• Kate, you’re right that background knowledge always makes some difference in how children respond to a book. But if such knowledge were necessary, we would probably have to avoid any book not set in the present time. I think that Hest deliberately does not include a great deal of detailed information about the war because that is not the purpose of her novel. She presents the story through the eyes of children. They are well aware of who Eleanor Roosevelt is, so to have them insert explanations, such as references to her as the First Lady or other information, would render the text very artificial. I have read children’s books where authors do that and they aren’t good. There are clues in the book, but the specifics are not crucial to understanding the book. The reference, for example, to ER visiting troops in the Pacific means it must take place in 1943 or later. If fact, if you look up that visit, you will immediately find many photos of Eleanor Roosevelt at the bedside of a severely wounded soldier on that trip, which was a controversial one because of the risk involved. In my opinion, this just presents a great opportunity to extend the meaning of he book by offering children additional sources of information. These conversations should always be part of sharing books with middle-grade readers.

      • Steven Engelfried Steven Engelfried says

        Great point Kate about the lack of historical context and dates. I did a quick skim and unless I missed it I don’t think there’s any clear identifier before the mention of “President Roosevelt” on page 104 (in a 181 page book). Other references that place it in the past, like “Life Magazine” (53) or “I Want You” posters (34) may well be lost on young readers.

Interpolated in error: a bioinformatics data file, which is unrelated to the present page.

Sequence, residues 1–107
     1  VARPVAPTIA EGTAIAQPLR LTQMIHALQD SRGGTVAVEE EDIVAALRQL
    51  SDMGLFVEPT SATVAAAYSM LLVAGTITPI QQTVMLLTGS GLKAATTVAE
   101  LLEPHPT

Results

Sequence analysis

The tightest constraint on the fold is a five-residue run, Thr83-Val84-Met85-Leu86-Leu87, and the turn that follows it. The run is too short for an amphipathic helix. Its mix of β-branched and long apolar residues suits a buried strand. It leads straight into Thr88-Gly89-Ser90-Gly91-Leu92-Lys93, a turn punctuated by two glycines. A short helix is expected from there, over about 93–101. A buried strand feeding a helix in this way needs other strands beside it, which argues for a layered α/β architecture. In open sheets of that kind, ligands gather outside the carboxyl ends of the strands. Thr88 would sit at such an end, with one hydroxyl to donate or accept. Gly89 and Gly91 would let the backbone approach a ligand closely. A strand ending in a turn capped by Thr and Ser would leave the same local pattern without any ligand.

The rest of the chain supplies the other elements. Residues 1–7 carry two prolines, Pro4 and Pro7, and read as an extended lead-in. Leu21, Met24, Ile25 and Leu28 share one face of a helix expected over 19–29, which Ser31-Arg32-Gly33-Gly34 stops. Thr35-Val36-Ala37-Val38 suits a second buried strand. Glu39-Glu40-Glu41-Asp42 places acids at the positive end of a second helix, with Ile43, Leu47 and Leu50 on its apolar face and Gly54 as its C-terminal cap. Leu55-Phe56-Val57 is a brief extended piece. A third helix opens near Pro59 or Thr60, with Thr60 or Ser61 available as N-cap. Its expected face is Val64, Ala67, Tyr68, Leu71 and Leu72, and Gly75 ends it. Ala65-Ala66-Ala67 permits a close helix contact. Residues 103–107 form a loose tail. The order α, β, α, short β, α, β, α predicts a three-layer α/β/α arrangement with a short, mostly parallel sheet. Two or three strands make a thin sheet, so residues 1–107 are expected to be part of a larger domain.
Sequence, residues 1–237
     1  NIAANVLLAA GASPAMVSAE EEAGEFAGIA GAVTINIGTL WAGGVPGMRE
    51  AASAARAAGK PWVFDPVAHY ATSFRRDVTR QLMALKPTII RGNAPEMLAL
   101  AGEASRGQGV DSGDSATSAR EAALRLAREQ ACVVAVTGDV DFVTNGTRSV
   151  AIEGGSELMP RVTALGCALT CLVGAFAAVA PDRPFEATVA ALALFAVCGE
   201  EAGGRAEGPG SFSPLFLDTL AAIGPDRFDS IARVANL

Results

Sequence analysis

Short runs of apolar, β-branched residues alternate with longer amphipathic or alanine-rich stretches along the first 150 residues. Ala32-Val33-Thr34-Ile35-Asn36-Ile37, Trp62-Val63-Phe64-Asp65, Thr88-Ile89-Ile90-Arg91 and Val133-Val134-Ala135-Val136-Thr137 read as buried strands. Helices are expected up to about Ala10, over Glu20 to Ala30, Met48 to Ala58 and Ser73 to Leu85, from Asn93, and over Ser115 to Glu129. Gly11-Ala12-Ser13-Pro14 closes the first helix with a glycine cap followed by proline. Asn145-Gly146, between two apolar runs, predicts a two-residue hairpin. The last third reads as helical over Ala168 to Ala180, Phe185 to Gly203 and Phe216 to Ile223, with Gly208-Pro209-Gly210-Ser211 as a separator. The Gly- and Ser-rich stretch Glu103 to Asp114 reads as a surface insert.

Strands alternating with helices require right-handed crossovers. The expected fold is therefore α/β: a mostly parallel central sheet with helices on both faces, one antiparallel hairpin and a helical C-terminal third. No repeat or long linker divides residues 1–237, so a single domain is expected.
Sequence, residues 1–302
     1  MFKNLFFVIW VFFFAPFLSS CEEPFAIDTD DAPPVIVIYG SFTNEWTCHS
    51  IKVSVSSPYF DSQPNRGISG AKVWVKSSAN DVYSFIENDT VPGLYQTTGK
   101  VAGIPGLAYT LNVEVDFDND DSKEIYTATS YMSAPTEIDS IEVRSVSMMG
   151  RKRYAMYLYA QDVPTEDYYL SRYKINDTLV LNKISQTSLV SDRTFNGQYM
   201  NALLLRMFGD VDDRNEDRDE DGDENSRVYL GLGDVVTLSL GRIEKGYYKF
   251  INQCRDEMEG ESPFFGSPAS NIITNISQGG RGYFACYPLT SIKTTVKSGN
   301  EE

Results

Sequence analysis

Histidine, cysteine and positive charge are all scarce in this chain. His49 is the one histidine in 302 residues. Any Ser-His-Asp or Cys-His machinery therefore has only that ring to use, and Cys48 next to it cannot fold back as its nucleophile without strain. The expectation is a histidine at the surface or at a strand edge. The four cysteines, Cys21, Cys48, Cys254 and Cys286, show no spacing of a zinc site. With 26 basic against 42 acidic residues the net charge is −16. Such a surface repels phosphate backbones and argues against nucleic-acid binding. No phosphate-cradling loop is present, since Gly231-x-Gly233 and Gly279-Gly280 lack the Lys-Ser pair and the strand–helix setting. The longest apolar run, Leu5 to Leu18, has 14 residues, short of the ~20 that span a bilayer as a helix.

I’m trying to remember what I thought as a reader, since I usually skip the book flap intro. I’m pretty sure I assumed at first that Bruno’s brother was in the Middle East in modern times for a while, and that seems okay. Either way, Bruno is a kid who worships his older brother and is worried about him, which is the most important piece.

        I think it’s a fascinating choice by the author. It shows how completely Hest wants to immerse us in the points of view of her child narrators. Bruno could have said, “It was August 31, 1944” instead of “It was August 31” to open his section, but even that addition of the year could feel “artificial” as Emily describes. It’s more important to get Bruno’s voice just right.

        A simpler method could have been to just state the date at the beginning of the book, but she opts not to do that. If you read the book jacket intro, you would know it’s World War II, but that’s outside the actual book content. To withhold that date information seems like a brave choice by the author and shows she’s trying to connect with readers in a kind of innovative way.

      • Leonard Kim says

        I just started this and obviously the historical period has been spoiled for me. But in Bruno’s very first chapter has him writing a letter a week to Ben and getting them in return. Is that enough to place it at least a couple decades in the past?

  6. I just saw your comment, Ms. Emily. How wonderful that your grandmother did volunteer Braille transcribing! Yes, I remember using a stylus. It’s amazing how technology has come such a long way. Braille transcribers often use Braille embossers, or they have equipment that can translate regular print into Braille code. So, having books transcribed is much easier, although it is still quite costly. There is a website called bookshare.org which partners with several publishers to have electronic Braille books available on the same day as print books are released. It’s a wonderful tool. Unfortunately, Candlewick is not in partnership with them, but I plan to submit Summer We Found the Baby to them so that will hopefully be transcribed. Thanks again for your analysis.

    And, I would think that children would understand if a book was set in a different time period. One I always think about is Kirby Larson’s The Friendship Doll, which spanned several decades from 1939 to present-day. Larson did an effective job of making each era come to life.

    • Meredith, if you liked THE FRIENDSHIP DOLL, there is a trilogy, also about Japanese and American girls and the doll exchange, by Shirley Parenteau.(SHIP OF DOLLS, DOLLS OF WAR, DOLLS OF HOPE) They are also published by Candlewick, so it sounds as if Candlewick needs to make their books available to everyone.